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Following Elon Musk's and SpaceX's recent announcements of their spacesuits being tested to "double vacuum pressure", there's been some speculation on what this meant.

It got me wondering - do NASA, ESA, or other agencies have a standard test protocol? And could someone post a short description of it?

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  • $\begingroup$ You're asking about ground tests, right? Because there is a procedurally built in leak check after suit donning at the beginning of a spacewalk. $\endgroup$ Commented Aug 24, 2017 at 12:24
  • $\begingroup$ In an answer to this question space.stackexchange.com/questions/13331 , different operating pressures were given: "The Shuttle extravehicular mobility unit (EMU) has an operating pressure of 4.3 psi (30 kPa) and the Shuttle crew escape/launch/entry suits operates at a maximum of 3.5 psi (24 kPA). All Russian spacesuites, in comparison, operate at 5.8 psi (40kPa) to minimize or avoid decompression sickness or other risks." The pressures used for a test may be different too. $\endgroup$
    – Uwe
    Commented Aug 24, 2017 at 12:52
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    $\begingroup$ @organicmarble any and all would be good - especially if the ground test protocol(s) vary from pre-EVA checks in orbit $\endgroup$
    – HorusKol
    Commented Aug 24, 2017 at 13:47
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    $\begingroup$ @uwe - but how are they tested. I'm assuming that failure pressure is a much higher rating than operating pressure (much like a submarine crush depth is below its operating maximum) $\endgroup$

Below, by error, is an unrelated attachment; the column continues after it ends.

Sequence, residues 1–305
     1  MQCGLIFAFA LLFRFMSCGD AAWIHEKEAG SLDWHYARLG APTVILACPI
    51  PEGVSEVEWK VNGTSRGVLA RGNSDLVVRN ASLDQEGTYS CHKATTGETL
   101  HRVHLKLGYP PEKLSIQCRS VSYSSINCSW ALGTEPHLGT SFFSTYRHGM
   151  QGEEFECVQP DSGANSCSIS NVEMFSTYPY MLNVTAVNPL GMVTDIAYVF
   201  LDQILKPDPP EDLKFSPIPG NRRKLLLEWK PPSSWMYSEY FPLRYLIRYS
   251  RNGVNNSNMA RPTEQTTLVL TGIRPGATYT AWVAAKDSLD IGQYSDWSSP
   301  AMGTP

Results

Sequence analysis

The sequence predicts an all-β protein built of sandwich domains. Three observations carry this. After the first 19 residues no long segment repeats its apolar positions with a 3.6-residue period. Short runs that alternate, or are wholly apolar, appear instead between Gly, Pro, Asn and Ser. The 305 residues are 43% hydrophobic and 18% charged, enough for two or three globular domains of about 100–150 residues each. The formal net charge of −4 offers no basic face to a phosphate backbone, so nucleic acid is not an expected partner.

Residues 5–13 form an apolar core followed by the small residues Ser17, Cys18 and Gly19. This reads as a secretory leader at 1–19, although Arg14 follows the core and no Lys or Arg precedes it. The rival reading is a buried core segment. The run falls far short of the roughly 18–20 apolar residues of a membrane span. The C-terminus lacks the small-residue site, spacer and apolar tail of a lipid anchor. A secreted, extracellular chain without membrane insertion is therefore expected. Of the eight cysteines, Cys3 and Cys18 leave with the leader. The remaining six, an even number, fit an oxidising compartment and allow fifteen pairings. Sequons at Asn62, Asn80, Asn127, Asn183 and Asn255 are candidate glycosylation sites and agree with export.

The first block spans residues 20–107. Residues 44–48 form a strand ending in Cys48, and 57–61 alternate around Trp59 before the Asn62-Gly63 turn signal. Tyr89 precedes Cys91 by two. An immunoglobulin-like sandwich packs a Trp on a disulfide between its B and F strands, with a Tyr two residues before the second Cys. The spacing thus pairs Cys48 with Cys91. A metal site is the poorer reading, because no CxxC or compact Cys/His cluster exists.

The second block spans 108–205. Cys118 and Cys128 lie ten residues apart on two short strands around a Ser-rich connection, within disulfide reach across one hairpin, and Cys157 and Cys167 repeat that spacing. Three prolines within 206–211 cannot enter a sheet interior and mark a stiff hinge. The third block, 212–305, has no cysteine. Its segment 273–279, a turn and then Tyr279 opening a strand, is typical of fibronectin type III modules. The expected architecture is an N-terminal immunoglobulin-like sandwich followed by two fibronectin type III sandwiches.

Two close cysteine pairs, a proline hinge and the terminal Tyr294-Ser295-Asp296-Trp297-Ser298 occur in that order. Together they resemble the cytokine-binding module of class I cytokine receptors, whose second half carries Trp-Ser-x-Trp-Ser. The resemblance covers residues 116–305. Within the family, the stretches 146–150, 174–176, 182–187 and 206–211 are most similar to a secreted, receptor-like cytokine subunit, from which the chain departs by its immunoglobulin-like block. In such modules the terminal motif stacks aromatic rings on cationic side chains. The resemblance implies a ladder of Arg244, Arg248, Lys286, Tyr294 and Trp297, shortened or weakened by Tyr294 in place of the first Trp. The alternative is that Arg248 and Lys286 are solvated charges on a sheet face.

– HorusKol
    Commented Aug 24, 2017 at 13:50
  • $\begingroup$ @HourusKol : But the safety factor used for the construction of a submarine might be much higher than that used for rockets and space equipment. $\endgroup$
    – Uwe
    Commented Aug 24, 2017 at 15:36

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Pressure tests are done on-orbit as part of the EMU CHECKOUT procedure, and during airlock depressurization prior to extra-vehicular activity (EVA).

During the EMU CHECKOUT procedure, the suit is pressurized to a delta pressure of 4.3 psia (its normal working pressure) and the suit caution and warning system monitors for a drop in pressure.

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During the airlock depressurization prior to an EVA, the depressurization is halted when the airlock pressure reaches 5 psia, and again, the suit caution and warning system monitors for a drop in pressure.

enter image description here

Source: the shuttle-era EVA checklist is online here.

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  • $\begingroup$ But that is not a one time post manufacture pressure test. Doing a burst pressure test with a suit worth some million $ is a different thing. But during design some parts may have been tested destructively. $\endgroup$
    – Uwe
    Commented Aug 24, 2017 at 15:31
  • $\begingroup$ @Uwe Please notice that I asked the OP in a comment if they were interested in on-orbit tests, and they said yes. So your comment is not constructive. $\endgroup$ Commented Aug 24, 2017 at 15:35
  • $\begingroup$ Excuse me, but the spacesuits tests to "double vacuum pressure" were ground tests and no in orbit tests. HorusKol was also interested in the ground test. $\endgroup$
    – Uwe
    Commented Aug 24, 2017 at 15:44
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    $\begingroup$ It's not a dumb question. The suit has a positive pressure relief valve that opens when the suit pressure is > 4.7 psi above ambient. So as the airlock pressure drops, this valve would be cracking and releasing gas from the suit to maintain that delta p. When the suit is in a vacuum environment, this valve protects the suit from overpressurization. $\endgroup$ Commented Aug 25, 2017 at 11:55
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    $\begingroup$ @uhoh the ACES suit you were asking about in a different question also has a PPRV, I updated my answer there to talk about that. $\endgroup$ Commented Aug 25, 2017 at 12:03

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